That all said, though, what is new now is that there are strong alternatives to conventional terrestrial radio and television, and those alternatives are growing stronger every day. I was born and raised on radio and television, and have made my living throughout my life almost exclusively through it. Even I spend way less than half of my time listening to or viewing conventional Nielsen-measured sources. There are just too many better alternatives. Younger people are an order or magnitude less interested in listening and viewing.

We had an early Christmas due to our geographically-challenged family, and it was hosted at my 26 year old niece's home. The Amazon Alexa was playing Amazon or Spotify Christmas music, not a radio tuned to WNIC. Why not? Why listen to Connie Holzer trying to sell cars when there is a free source for better music with no breaks? My nephew-in-law (??) listens to or watches ONLY the Tigers and "The Ohio State University" on broadcast sources....the rest is Netflix, Amazon, or other streaming sources.

As such, don't look for any changes in the Nielsen age brackets......they HAVE to put the old people in there to return any significant numbers.

We are at the "spring thaw" of terrestrial broadcasting. The once two-foot thick ice is getting thinner and thinner every day, and eventually it will break into little floating islands of stations smart enough to serve a local audience with something they want that is different and can't get elsewhere, without killing that audience with inane spots. Outrageous cable bills have given TV a short stay of execution with 'cord cutters', but something will step in that competes with that.

These are harsh words here, and a lot of people here simply don't want to hear it. It is an interestingly taboo topic here, although I realize in some regards it's like questioning the existing of God at the Church Fair.

Radio is not 'dead', although it does have an unhealthy pallor and a persistent cough. TV has certainly been having a fever, chills, and heart palpitations for a while. Things will NOT get better, will never be the same as they were in the peak years of the late 60s through the late 80s, and will be changing constantly in order to address the constantly decreasing listener/viewer base. Nielsen is not going to do anything that calls attention to that.

The box that many broadcasters won’t look outside of was made in 1969 and hasn’t changed significantly since.

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Re: The Absurdity Of The 18-49 Demo

Post by phillyb » Wed Dec 20, 2017 2:07 pm

I see some poetic justice in the dissing of the 55+ age group.

I spent the greater part of the 1980s at an easy listening station targeted at older listeners. I had to listen to boomers ( who believed that they were eternally hip and relevant) sneer at easy listening, calling it old fart radio, nursing home music, etc. Selling spots for this station was probably twice as hard as selling spots for an adult contemporary. Defenders of the older audience back then used the same arguments used above, back in the 1980s. THe older audience of Swing Generation adults back then also had much more spending power and loyalty than did the hipsters bopping along to Madonna back in 1985, and the hip (boomers) just sneezed that off as irrelevant. Hey, the Swing group were just old and boring and irrelevant, said the boomers. Who also killed off Easy Listening by the end of the 1980s (I still remember our "new" Kalamusic tapes with vocals by, yes, Madonna among others, superseding the likes of Patty Page and the Ray Charles Singers. This was supposed to make easy listening more hip. It just blew off the core audience (who gravitated to AM Nostalgia formats) without attracting anyone younger. And all the easy listening stations were gone by 1995. Boomer consultants subsequently worked the same magic with the AM Nostalgia formats, making them "younger" by replacing Perry Como and Frank Sinatra with adult contemporary artists which simply alienated the core audience without attracting younger listeners.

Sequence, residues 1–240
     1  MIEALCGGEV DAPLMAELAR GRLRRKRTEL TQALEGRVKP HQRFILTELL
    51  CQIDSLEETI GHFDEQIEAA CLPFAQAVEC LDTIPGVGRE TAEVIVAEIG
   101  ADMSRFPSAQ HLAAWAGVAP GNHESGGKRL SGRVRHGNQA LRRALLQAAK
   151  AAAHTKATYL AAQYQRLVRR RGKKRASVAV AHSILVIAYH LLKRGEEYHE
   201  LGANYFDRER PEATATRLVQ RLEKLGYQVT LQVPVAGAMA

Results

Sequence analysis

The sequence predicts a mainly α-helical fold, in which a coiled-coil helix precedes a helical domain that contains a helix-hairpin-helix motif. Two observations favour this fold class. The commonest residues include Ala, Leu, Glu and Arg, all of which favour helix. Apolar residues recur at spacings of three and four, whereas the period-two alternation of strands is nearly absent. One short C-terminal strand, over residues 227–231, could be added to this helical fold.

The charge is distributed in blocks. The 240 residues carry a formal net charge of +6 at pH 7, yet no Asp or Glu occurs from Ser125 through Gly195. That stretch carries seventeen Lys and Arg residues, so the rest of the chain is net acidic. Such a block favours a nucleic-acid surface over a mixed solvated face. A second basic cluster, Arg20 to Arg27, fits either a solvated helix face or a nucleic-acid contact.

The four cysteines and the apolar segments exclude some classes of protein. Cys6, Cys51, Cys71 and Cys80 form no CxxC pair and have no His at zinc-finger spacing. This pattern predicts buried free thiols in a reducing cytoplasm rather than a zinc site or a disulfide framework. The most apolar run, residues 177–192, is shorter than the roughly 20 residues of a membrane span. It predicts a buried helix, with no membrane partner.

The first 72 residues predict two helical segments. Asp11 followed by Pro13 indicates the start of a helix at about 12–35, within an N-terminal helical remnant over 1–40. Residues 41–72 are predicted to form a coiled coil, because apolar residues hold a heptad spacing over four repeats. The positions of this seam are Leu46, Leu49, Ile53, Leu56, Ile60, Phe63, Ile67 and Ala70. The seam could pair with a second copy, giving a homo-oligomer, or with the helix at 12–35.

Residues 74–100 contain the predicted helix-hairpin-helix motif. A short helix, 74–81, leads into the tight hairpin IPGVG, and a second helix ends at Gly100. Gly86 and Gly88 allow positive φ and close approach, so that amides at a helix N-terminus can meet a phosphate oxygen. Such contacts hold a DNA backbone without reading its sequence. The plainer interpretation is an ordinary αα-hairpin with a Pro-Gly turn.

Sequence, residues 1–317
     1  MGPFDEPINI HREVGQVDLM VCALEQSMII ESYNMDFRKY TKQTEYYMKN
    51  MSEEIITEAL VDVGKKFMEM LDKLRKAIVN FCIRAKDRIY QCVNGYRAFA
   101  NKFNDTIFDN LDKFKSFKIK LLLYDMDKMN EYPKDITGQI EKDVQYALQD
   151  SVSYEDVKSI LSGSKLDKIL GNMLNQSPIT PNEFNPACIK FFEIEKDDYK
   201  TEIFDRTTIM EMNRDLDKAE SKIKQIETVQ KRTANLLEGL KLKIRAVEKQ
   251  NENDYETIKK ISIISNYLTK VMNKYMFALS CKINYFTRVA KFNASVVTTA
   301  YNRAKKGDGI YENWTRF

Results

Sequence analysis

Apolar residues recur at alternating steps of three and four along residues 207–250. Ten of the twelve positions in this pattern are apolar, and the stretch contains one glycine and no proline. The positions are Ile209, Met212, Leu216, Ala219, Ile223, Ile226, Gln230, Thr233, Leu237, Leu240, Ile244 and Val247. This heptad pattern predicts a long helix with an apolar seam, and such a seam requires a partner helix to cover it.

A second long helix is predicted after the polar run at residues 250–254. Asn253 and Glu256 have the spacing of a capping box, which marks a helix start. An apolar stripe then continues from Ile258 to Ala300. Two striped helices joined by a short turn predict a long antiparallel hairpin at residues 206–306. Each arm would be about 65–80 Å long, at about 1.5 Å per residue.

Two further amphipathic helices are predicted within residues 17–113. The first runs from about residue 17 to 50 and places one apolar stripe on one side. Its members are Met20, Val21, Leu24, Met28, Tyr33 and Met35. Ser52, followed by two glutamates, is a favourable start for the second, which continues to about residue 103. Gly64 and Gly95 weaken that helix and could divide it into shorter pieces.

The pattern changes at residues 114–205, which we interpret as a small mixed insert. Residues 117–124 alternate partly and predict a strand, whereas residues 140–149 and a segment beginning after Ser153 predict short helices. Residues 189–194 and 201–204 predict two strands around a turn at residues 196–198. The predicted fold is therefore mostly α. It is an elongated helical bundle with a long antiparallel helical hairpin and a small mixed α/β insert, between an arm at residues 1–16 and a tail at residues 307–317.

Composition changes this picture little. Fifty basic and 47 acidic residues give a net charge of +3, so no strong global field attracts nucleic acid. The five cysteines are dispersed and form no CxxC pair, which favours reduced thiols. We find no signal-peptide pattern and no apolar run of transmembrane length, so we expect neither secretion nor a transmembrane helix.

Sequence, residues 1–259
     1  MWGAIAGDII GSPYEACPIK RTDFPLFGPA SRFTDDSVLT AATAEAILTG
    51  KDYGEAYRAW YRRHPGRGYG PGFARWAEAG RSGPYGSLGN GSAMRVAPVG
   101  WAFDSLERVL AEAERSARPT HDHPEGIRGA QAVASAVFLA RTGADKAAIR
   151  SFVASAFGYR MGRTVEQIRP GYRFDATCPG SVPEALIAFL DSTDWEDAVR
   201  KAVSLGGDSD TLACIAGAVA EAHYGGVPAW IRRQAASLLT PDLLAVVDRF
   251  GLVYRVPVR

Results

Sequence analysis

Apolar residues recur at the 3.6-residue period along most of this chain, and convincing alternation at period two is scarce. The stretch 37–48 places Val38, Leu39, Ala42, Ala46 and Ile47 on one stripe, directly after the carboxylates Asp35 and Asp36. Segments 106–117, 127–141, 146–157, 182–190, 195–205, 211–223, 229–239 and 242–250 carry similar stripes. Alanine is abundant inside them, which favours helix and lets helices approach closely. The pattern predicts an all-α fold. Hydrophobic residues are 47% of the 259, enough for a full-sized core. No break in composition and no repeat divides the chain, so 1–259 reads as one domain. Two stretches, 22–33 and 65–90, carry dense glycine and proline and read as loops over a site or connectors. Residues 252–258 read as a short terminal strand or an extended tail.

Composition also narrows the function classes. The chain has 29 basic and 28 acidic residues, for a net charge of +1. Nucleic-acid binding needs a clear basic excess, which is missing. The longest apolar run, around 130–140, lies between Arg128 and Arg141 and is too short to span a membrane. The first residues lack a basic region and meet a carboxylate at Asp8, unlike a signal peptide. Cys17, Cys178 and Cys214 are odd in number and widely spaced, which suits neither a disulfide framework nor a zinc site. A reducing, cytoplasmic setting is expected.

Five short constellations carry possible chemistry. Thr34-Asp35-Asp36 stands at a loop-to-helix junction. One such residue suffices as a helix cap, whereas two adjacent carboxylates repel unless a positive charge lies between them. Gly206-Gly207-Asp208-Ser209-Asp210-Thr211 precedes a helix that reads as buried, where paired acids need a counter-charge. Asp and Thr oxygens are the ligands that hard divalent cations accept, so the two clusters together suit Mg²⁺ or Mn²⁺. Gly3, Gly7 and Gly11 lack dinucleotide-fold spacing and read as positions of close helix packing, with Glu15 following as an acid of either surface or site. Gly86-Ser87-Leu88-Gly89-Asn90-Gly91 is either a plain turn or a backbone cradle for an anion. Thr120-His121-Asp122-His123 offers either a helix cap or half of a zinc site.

Well,now the boomers are the old farts. Instead of Perry Como or Bing Crosby, it's Bob Seeger and the Stones who are doing "old fart's music." Stations are running fast from the music from the 1960s and even the 70s. It's becoming harder and harder to sell the old fart formats like pre-1977 oldies and even some classic rock.

So, next time you tune in a classic rock or a pre-1977 oldies station, say hello to the new nursing home music. And remember, what goes around comes around. Boomers are getting everything they deserve. You are no longer the cutting edge of hipness, Grandpa.

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Re: The Absurdity Of The 18-49 Demo

Post by Plate Cap » Thu Dec 21, 2017 5:32 pm

phillyb wrote:
Wed Dec 20, 2017 2:07 pm
You are no longer the cutting edge of hipness, Grandpa.
Yup, you are right.

I'm a rocker, and when I attend ZZ Top, .38 Special, and Skynyrd concerts, some of my slightly-older (I was a younger teen for some of that) contemporaries are using canes and oxygen tanks.

What you don't seem to realize, though, is that nothing is new under the sun.

The 'flappers' of the 20's were dissed by the big band and swing fans of the 40s, who were dissed by the early rockers of the 60s, who are dissed by Madonna fans of the early 90s. It's now your turn to diss us.

Each group 'ruled' when they were the sought-after demo, and each group 'behind' them, like you behind us, chagrined at what was said to them and rejoiced when their demo 'took over'.

Your place in the process won't be that long....and trust a guy with a grey hair and a broken down body but with the heart and attitude of an 18 year old: it won't be all that long 'till the next group calls you 'gramps'. Mark my words.

Back to the point of the thread, though, and away from the personal-bit that seems to pervade this board:

Unlike any other era since radio, and later TV, were measured and reported upon, young people simply are not listening and tuning in, and less so every day. Their demo as such is small and getting smaller, and needs external membership, because they simply are not there and listening.

It's not about the people....it's not about the music.....it's not about "young whippershappers" or "granpas". It's about the technology available. It started with 'my' people with cassettes and CDs in cars.....we took a tiny bite out of the 'Arbs' by making our own music. But now, it is simply rocketing when you don't have to buy or record the music...you just stream it.

I know many on this board continue to consider the enthusiasm for radio to be as universally exciting as they view it, but it simply isn't, and the 'numbers' show that. Nielson HAS to fudge the demo limits in order to return SOMETHING.

The box that many broadcasters won’t look outside of was made in 1969 and hasn’t changed significantly since.

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Re: The Absurdity Of The 18-49 Demo

Post by Radio Chili » Fri Jan 05, 2018 8:36 pm

Wow! Spot on!! You three guys are doing some mighty impressive writing in this thread!